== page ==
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"The Privateering Debate in Revolutionary America" Topic

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Tango01 Supporting Member of TMP29 Dec 2017 11:35 a.m. PST

"Historians still debate the relative merit of privateering during the American War of Independence. Key to this debate is understanding how damaging it was to British commerce; the extent to which it strained the Royal Navy's resources; the difficulties it produced for the Continental and state navies by competing for seamen and naval stores; and the mix of patriotism and venality in its motivation. The war's participants debated the same issues historians debate today, but without the historians' advantage of hindsight: not knowing how the struggle would end, they had to form their views based on partial evidence and speculation.

What did contemporary American Revolutionaries think? Did they shun privateersmen as disreputable characters interested only in profit and devoid of patriotic feeling and consider privateering as unscrupulous and akin to piracy? Or did they embrace privateersmen as heroic defenders of liberty and endorse commerce raiding as a valuable contribution to the war effort? This question is more complex than it first appears, and its answer is just as complex. Although critics raised strong arguments— mostly practical, but some based on ethical and moral considerations—their criticisms never posed a serious threat of putting an end to privateering once the Continental Congress had decided to authorize it. The prevalent view was that privateering was a valuable means of funnelling the resources controlled by private interest into the public cause…."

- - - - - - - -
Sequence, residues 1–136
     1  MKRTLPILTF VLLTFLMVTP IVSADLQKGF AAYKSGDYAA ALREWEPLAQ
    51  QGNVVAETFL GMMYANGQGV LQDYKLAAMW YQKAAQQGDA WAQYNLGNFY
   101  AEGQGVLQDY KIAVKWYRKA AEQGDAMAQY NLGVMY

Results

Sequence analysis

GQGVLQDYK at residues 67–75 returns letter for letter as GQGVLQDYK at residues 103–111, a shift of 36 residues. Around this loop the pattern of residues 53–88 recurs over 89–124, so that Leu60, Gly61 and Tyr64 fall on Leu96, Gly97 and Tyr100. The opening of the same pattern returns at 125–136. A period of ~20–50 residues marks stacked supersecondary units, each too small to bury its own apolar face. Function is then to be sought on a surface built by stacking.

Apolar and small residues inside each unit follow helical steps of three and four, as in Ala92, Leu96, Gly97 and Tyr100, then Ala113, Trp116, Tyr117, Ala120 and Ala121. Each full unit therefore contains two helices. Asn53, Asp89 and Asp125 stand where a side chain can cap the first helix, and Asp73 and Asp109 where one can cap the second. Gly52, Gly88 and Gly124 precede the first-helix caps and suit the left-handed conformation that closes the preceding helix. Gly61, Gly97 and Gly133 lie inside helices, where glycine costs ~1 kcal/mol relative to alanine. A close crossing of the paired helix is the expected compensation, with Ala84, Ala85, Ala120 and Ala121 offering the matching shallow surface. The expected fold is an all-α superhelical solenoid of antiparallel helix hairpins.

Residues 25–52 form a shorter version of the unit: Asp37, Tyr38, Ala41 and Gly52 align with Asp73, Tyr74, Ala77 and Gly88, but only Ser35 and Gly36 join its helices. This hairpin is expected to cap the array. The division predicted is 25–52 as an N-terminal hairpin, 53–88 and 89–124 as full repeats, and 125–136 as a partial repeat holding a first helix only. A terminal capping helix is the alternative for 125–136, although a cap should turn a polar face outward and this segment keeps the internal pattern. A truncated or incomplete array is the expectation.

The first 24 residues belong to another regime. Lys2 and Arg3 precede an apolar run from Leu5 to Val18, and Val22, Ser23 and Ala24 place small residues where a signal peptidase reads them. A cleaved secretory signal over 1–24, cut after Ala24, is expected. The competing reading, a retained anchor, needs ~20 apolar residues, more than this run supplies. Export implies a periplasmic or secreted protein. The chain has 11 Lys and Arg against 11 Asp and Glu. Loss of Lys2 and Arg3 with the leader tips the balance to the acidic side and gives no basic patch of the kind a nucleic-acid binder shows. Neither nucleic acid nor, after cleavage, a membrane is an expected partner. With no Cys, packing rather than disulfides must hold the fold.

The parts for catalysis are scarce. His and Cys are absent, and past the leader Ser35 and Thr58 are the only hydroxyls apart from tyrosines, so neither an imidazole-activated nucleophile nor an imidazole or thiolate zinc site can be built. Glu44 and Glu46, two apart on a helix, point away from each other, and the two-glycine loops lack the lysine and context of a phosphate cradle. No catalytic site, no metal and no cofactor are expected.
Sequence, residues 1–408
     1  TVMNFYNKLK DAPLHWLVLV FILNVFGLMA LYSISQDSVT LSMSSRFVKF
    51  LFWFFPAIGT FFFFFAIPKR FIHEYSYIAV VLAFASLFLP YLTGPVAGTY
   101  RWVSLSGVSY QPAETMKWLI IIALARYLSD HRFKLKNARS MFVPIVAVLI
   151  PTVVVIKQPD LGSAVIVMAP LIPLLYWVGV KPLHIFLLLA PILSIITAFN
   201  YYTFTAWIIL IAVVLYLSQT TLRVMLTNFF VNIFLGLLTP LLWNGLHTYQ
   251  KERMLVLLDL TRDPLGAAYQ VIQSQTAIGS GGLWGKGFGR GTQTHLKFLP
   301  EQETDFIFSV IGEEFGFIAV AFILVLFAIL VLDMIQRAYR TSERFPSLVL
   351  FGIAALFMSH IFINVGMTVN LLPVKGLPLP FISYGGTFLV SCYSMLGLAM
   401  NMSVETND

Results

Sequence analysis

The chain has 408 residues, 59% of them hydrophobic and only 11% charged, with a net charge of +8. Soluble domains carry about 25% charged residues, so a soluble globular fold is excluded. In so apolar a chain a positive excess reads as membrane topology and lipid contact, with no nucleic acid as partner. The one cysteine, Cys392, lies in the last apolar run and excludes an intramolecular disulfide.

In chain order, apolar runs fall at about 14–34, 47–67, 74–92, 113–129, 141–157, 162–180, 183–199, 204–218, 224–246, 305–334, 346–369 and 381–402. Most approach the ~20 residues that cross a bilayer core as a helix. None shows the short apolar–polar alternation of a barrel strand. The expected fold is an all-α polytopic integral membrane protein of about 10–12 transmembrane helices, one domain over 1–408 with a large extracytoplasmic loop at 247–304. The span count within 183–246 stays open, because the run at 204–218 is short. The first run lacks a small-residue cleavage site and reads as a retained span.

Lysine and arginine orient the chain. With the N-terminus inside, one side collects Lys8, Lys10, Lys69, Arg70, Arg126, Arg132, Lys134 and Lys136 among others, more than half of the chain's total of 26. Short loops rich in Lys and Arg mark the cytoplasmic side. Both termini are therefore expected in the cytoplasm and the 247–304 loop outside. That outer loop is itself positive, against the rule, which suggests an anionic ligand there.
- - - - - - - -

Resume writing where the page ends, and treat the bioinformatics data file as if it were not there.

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Winston Smith Supporting Member of TMP02 Jan 2018 8:49 p.m. PST

John Hancock was a smuggler.

Winston Smith Supporting Member of TMP02 Jan 2018 8:54 p.m. PST

Interestingly, among the enumerated powers granted to the Legislature (Congress) is to issue Letters of Marque and Reprisal. Privateering licenses. The Executive Branch, The President and Department of the Navy, are cut out of it.
If the president were to want to give a privateering license to fight Somali Pirates or drub smugglers, he couldn't. Congress can authorize the beaucracy, but ultimately it's their responsibility. Just like the power to declare war, which it has sadly abandoned.

138SquadronRAF Supporting Member of TMP02 Jan 2018 9:23 p.m. PST

I find it significant that the Americans refused to sign Paris Declaration Respecting Maritime Law (1856). It was not until the Hague Convention of 1907 that the United States came close to stopping privateering.

The US issuing letters of Marque now would be breach of International Law (not that some old farts on TMP wouldn't enthusiastically embrace that, not least because it was part of International Law).

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